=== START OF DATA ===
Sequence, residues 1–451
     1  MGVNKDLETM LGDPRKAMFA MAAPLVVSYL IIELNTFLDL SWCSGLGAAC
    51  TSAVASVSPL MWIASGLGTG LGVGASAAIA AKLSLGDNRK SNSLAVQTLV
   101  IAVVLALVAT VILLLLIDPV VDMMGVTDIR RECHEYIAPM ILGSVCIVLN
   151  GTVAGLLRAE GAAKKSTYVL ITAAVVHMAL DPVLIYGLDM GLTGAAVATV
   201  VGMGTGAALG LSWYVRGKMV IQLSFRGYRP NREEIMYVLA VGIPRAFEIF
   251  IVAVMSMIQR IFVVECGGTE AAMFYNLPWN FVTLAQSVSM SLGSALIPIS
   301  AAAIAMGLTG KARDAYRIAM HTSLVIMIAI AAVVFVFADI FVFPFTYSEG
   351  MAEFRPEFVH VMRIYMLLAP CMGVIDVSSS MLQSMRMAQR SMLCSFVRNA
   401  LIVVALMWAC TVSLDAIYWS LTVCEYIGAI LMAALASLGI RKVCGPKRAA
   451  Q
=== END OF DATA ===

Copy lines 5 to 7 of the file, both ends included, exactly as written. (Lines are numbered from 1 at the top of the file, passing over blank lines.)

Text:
   151  GTVAGLLRAE GAAKKSTYVL ITAAVVHMAL DPVLIYGLDM GLTGAAVATV
   201  VGMGTGAALG LSWYVRGKMV IQLSFRGYRP NREEIMYVLA VGIPRAFEIF
   251  IVAVMSMIQR IFVVECGGTE AAMFYNLPWN FVTLAQSVSM SLGSALIPIS